That’s what William N. Duncan, chairman of the East Tennessee State University Department of Sociology and Anthropology, said about a set of fossilized teeth found near the German town of Eppelsheim last year, which many have said could “rewrite” human history.
Once the news of Herbert Lutz’s find in Eppelsheim was announced last week, the discovery went viral, and many have claimed the 9.7-million-year-old fossil could change ideas about where humans originated.
But Duncan said he, like many other archaeologists and anthropologists, is skeptical. He said it’s important for people not to confuse hominins, the lineage containing humans and some of our closest ancestors and relatives, and hominoids, which include hominins, chimpanzees, gorillas and other apes from the past and present.
“The researcher suggested that they could be hominin teeth. Hominins are all of those species that are humans and our closest relatives after they branched off from other great apes, some time around 6 to 8 million years ago,” Duncan said. “The larger category we’re part of is hominoids, and that includes all of the great apes, and the lesser apes, actually – from gorillas, to chimps, gibbons and humans.”
Since Lutz and his team from the Natural History Museum in Mainz have only found a canine and a molar, Duncan said it is too early for people to know what species they came from. He said there needs to be more evidence to claim the teeth are from an early ancestor of humans.
It takes more than two teeth to rewrite the human story, Duncan said.
“You can tell a lot from teeth, don’t get me wrong, but you would have to find something that looks like it has some of the same locomotor adaptations, similar dietary features that you’d see from some of the later hominins, things like that,” Duncan said.
Duncan believes the teeth found by Lutz most likely belonged to an extinct monkey, similar to the pliopithecus, which was once found near Lutz’s excavation site in the 1820s. He said this is the most plausible explanation, considering the oldest human ancestors found so far have been in Africa, such as the most famous fossil of “Lucy,” an australopithecus which could be 2 to 5 million years old, and the 7-million-year-old sahelanthropus.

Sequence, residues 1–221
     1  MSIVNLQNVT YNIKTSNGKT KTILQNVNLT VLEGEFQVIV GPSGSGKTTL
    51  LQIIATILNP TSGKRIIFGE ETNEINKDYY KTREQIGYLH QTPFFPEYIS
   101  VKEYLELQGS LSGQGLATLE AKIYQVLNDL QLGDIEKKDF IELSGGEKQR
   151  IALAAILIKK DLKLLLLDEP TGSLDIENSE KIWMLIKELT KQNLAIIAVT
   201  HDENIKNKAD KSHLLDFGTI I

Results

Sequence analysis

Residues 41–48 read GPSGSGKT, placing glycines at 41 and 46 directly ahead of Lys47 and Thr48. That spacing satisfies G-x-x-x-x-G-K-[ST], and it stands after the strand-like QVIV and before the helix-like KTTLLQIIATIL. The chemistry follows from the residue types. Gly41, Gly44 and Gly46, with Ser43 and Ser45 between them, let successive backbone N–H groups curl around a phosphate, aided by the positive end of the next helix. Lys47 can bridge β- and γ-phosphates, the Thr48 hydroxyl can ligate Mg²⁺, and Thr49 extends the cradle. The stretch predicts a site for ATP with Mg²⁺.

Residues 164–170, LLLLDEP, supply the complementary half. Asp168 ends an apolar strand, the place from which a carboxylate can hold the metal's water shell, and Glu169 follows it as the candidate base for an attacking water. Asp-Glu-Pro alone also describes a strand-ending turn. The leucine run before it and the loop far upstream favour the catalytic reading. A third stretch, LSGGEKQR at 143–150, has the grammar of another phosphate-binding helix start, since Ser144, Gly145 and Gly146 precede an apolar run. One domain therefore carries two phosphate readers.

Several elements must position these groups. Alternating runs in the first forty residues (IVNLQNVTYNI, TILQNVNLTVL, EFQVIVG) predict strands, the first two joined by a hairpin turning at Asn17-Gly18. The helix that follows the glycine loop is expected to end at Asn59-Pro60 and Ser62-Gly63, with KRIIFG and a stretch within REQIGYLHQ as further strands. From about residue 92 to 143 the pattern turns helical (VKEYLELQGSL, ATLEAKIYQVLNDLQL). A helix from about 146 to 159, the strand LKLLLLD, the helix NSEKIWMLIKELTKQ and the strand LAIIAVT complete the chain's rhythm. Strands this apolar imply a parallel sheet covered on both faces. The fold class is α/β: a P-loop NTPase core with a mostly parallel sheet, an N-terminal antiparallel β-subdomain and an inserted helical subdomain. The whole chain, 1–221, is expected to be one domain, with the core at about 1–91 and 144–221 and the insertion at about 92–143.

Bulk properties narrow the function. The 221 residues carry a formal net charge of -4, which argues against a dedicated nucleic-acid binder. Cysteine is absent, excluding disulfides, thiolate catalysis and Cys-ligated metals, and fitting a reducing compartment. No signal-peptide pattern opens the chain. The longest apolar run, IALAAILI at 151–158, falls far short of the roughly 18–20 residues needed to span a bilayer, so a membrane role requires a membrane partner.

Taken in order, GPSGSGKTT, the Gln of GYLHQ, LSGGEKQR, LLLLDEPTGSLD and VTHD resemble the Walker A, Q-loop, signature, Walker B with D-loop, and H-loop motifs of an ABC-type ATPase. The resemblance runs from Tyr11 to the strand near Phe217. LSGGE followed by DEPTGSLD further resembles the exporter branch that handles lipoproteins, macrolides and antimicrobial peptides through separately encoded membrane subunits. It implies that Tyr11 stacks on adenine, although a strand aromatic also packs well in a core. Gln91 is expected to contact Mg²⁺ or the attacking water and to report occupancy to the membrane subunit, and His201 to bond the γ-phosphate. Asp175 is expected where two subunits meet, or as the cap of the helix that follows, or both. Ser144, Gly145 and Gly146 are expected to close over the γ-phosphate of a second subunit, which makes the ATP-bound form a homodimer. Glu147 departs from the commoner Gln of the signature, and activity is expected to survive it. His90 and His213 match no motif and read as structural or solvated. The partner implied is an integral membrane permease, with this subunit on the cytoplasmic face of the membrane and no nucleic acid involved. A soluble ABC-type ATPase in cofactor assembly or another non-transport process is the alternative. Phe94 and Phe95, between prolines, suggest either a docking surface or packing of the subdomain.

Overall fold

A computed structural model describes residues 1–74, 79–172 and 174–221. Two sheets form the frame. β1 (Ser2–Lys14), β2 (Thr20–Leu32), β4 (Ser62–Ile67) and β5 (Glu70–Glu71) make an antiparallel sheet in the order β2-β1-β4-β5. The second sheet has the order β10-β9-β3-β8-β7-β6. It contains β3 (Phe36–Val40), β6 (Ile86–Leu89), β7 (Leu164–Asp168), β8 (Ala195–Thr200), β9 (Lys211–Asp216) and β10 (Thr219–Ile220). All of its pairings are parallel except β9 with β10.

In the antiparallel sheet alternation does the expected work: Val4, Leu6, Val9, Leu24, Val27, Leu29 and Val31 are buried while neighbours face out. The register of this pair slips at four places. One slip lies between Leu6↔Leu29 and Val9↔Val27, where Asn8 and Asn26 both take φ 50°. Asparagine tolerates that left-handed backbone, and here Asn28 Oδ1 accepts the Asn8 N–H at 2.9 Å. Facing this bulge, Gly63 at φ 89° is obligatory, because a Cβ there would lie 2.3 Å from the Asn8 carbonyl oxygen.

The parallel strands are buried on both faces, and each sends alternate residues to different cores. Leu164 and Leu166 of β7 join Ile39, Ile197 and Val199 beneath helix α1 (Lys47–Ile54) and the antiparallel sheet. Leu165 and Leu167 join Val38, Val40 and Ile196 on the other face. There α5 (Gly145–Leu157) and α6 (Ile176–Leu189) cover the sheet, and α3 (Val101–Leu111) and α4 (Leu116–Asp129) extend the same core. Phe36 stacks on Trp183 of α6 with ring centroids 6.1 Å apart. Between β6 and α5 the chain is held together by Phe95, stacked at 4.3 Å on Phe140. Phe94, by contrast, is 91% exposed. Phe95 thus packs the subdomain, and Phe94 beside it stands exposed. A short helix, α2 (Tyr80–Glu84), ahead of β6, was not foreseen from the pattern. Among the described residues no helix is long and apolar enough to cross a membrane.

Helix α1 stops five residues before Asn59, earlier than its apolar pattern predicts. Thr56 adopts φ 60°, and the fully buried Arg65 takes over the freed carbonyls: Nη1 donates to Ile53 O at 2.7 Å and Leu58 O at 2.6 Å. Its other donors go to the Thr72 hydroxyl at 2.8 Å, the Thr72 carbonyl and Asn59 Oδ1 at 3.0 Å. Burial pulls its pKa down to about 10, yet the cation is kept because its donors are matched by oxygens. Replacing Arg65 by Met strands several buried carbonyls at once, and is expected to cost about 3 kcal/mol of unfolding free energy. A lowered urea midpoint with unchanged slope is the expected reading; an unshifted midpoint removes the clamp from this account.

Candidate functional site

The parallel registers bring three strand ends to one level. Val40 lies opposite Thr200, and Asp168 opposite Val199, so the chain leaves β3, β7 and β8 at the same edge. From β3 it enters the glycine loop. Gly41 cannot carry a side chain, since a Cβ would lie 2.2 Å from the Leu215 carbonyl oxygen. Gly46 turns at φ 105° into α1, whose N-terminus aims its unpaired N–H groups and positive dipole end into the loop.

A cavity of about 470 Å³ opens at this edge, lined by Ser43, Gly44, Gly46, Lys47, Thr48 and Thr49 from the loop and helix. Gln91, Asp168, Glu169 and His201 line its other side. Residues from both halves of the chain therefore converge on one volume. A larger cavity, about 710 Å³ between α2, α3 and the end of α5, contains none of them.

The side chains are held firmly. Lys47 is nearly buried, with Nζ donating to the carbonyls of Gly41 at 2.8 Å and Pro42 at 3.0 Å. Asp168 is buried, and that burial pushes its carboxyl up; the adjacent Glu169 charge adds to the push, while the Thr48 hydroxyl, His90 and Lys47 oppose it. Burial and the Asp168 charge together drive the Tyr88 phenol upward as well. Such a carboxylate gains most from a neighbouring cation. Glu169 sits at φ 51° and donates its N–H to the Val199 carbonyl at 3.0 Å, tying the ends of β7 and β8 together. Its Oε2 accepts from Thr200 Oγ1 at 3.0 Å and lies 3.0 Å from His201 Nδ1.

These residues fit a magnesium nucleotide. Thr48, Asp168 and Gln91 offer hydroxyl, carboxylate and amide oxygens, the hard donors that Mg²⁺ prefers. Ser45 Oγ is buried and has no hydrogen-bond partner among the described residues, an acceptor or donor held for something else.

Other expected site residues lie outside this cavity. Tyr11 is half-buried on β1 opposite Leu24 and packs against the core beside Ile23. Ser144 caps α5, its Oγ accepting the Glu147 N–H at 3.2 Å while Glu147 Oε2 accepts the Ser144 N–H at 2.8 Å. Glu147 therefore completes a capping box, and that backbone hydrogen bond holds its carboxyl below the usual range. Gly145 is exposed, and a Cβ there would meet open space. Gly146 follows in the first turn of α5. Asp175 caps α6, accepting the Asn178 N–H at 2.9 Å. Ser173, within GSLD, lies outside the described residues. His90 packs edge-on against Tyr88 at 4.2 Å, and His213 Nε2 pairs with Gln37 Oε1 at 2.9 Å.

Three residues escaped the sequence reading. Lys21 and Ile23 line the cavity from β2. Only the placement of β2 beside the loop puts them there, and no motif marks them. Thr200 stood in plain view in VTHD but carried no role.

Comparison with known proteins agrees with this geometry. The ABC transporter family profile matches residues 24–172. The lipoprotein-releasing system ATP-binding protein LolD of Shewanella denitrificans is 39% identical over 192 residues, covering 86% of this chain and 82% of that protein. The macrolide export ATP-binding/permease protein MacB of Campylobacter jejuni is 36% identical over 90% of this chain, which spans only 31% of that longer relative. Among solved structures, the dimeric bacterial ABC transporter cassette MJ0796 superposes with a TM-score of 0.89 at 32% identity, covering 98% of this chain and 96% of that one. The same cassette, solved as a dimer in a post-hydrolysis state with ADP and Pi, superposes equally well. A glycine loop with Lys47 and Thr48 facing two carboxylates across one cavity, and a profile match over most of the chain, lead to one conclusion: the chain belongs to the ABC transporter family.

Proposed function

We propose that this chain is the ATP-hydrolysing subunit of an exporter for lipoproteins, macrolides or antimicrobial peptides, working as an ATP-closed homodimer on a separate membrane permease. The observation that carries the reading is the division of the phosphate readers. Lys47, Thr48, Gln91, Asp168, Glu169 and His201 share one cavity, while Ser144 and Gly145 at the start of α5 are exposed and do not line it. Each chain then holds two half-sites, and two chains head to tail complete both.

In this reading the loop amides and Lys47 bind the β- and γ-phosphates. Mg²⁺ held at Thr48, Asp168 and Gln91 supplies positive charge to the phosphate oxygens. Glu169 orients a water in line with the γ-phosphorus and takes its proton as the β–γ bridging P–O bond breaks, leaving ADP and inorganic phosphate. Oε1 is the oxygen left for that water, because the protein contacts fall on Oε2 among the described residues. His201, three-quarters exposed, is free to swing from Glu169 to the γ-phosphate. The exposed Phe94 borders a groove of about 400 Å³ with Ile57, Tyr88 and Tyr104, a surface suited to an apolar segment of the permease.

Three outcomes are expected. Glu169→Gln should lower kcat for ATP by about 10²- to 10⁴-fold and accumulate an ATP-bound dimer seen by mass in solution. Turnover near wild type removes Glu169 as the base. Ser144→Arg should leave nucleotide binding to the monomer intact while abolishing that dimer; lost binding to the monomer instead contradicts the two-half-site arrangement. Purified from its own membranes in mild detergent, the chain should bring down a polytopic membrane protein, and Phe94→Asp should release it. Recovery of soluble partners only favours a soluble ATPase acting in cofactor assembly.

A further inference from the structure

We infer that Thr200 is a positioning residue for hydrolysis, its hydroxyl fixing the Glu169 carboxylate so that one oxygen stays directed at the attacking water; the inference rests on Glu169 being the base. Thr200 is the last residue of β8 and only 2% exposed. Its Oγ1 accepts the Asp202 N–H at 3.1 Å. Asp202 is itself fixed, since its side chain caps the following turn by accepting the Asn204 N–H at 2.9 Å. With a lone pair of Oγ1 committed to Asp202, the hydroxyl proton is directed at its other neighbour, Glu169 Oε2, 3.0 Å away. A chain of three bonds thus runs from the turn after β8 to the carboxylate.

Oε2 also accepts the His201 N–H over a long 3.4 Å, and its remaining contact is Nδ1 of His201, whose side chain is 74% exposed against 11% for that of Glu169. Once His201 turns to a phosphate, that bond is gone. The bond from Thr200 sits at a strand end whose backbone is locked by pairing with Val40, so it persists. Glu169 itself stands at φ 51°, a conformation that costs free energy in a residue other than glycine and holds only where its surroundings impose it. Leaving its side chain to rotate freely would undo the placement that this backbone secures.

“It's probably grouped with the pliopithecoidea,” he said. “Those would’ve been old world monkeys, many of which are extinct now. That was before the branching off of the hominins from the other apes.
“But this (finding) was not part of any genus that stands today.”
Duncan said the likelihood of finding a 10-million-year-old human ancestor in Europe is highly unlikely.
“It would be extraordinary to find a hominin from 9.7 million years ago in Germany, because there’s never been anything like that,” Duncan said.
Though Duncan gave Lutz credit in the sense that he himself admitted his ideas about rewriting human history are speculative at this point, he said anthropology — and science in general — is a competitive field; a field in which the optimists and skeptics often find themselves clashing and keeping each other in check.
“The question many might have is why someone would say it has a connection to modern humans and our lineage if it most likely doesn’t,” Duncan said. “The answer is that there’s a long-standing tradition to find the earliest of whatever you’re talking about.”
“Some people are inherently more critical than others. Everybody likes to think they’re open-minded about new data — that’s an important part of science. You need to keep an open mind about things, but like I said, extraordinary claims require extraordinary data, and I haven’t seen that, so I’m skeptical.”
Duncan believes the discovery of what he and many others believe is an old world monkey is still important, though.
“It’s worth finding out about these things, even if they don’t directly inform us about recent human evolution,” Duncan said.